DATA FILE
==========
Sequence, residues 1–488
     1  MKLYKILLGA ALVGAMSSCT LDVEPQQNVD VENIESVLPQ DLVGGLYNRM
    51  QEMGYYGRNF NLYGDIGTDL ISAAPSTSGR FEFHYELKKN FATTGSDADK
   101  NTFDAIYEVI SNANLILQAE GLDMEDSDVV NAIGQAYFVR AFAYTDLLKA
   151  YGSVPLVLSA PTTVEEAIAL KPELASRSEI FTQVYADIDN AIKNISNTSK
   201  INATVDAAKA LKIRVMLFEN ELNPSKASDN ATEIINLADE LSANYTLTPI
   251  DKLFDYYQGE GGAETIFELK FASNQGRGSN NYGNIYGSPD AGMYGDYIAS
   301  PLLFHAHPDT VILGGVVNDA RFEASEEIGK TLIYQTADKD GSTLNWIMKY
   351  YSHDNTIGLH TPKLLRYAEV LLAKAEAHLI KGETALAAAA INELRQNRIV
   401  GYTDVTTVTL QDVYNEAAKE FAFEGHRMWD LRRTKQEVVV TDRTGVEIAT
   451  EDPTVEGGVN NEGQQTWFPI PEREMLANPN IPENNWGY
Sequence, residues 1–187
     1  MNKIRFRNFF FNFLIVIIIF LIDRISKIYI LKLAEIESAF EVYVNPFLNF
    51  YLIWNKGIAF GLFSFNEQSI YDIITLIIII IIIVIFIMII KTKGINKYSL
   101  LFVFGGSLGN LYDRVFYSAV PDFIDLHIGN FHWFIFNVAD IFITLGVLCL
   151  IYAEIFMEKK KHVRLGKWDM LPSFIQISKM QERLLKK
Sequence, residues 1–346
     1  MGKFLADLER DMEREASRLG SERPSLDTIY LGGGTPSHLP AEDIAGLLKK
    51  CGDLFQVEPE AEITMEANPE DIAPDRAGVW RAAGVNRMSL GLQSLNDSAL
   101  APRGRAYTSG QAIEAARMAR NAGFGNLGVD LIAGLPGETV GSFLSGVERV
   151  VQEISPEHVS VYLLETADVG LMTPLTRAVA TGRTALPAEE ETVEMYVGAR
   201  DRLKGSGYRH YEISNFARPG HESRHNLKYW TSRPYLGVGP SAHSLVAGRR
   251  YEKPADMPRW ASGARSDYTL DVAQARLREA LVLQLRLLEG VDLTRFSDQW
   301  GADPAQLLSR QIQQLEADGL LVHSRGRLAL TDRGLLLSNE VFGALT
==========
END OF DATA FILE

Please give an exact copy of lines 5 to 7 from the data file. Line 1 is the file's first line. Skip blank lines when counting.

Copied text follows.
   151  YGSVPLVLSA PTTVEEAIAL KPELASRSEI FTQVYADIDN AIKNISNTSK
   201  INATVDAAKA LKIRVMLFEN ELNPSKASDN ATEIINLADE LSANYTLTPI
   251  DKLFDYYQGE GGAETIFELK FASNQGRGSN NYGNIYGSPD AGMYGDYIAS